The photo above is a group of mixed Houmas Indians in Bayou Lafourche in 1907
The Draft Registration for WWI was really a wonderful historical opportunity. While other documents, such as the Indian Census, were taken only of tribal members, the draft asked each individual their race. They got to decide what they said, not as dictated by another body, such as a tribe or a school or a registrar of some sort. Some claimed mixed race.
In Louisiana, probably half of the people who claimed they were Indian came from Terrebonne Parish. The rest were scattered in other parishes, and New Orleans, of course, but Terrebonne probably had as many as all the rest put together. So I set about trying to discover who these Indians were. Ironically, the history of Terrebonne parish doesn’t say anything about Indians, which I found unusual, but I did find information in some other places.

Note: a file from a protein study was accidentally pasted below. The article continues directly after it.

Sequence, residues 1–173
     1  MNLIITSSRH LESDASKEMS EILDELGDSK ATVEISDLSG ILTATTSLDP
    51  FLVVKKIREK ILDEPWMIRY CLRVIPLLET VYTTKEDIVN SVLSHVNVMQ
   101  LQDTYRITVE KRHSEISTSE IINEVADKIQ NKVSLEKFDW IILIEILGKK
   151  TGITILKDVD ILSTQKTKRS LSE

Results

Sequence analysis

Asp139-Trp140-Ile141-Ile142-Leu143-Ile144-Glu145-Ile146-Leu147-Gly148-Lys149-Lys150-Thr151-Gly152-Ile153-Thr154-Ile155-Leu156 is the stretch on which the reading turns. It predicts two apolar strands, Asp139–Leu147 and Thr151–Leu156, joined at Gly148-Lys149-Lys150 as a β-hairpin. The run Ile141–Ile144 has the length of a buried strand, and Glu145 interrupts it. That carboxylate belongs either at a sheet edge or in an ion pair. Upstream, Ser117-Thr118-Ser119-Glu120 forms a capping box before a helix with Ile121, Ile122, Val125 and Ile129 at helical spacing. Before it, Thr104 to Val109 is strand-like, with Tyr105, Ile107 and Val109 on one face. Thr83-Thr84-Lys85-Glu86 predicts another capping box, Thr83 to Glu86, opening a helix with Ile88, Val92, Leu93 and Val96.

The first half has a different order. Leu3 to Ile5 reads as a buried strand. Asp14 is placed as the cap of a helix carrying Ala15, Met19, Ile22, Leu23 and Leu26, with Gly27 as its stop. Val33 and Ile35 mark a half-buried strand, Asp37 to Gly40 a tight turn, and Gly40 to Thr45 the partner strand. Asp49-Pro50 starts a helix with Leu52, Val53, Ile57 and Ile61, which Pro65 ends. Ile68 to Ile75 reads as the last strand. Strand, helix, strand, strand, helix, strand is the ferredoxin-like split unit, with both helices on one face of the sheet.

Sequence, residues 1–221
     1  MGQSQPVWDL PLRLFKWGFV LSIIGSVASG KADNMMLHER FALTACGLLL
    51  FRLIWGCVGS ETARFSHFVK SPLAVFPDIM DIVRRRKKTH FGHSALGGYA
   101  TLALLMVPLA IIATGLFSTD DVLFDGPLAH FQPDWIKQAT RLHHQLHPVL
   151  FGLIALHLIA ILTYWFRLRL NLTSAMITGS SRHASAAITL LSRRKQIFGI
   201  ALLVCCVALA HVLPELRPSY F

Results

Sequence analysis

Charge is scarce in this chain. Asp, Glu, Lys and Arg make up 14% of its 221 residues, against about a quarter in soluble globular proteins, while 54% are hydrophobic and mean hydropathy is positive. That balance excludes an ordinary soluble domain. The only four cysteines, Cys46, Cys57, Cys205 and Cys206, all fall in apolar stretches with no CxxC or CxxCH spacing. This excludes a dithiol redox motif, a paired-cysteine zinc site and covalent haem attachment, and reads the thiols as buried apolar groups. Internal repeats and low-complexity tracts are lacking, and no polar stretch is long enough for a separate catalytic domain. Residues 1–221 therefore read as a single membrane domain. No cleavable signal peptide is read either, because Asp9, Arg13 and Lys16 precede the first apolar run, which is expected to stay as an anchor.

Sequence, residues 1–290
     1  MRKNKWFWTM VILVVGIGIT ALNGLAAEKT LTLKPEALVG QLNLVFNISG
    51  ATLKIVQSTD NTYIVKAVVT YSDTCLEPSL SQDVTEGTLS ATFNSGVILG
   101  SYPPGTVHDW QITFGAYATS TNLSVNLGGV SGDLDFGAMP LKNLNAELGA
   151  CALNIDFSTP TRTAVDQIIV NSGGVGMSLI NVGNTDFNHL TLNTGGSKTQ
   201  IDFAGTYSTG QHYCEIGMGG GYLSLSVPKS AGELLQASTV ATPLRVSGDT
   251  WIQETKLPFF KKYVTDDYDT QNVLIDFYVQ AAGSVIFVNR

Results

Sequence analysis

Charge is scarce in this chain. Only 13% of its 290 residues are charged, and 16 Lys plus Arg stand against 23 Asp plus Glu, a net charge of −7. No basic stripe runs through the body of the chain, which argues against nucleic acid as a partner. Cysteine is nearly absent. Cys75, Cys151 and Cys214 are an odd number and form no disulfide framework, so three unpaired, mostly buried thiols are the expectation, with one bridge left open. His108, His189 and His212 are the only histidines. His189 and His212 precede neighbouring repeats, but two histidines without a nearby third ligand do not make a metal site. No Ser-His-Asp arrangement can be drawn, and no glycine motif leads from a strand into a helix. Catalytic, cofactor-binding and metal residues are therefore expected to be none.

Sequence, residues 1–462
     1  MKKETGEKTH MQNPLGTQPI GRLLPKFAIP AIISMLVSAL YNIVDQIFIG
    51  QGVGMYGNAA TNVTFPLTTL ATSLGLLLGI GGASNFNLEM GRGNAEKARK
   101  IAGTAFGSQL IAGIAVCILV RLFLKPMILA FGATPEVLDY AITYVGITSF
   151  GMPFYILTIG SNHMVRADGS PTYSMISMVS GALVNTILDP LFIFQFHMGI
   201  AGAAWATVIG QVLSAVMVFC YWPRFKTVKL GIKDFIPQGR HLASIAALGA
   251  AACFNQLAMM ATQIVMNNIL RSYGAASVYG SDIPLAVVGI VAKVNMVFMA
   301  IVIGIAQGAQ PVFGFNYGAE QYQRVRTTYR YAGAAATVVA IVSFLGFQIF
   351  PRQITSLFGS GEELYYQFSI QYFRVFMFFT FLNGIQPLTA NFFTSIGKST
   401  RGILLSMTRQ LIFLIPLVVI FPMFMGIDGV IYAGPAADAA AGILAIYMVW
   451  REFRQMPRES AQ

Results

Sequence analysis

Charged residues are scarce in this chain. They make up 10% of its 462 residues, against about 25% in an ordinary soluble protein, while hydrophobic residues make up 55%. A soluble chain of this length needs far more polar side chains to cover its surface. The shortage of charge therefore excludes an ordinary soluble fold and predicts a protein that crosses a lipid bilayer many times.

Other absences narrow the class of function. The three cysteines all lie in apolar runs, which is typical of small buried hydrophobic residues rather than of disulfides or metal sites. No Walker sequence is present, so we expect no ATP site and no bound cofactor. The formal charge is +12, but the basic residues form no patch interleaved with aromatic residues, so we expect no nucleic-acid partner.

It turns out that the Houmas Indians were the primary group found there in the 1800s and early 1900s, but they weren’t there earlier. Sometimes given as Ouma (French) or Huma. The name translates literally as “red” and is apparently a shortened form of Saktci-homma, the name of the Chakchiuma meaning “red crawfish.” Houma in southern Louisiana are sometimes referred to as Sabine, a derogatory term usually intended as a racial insult.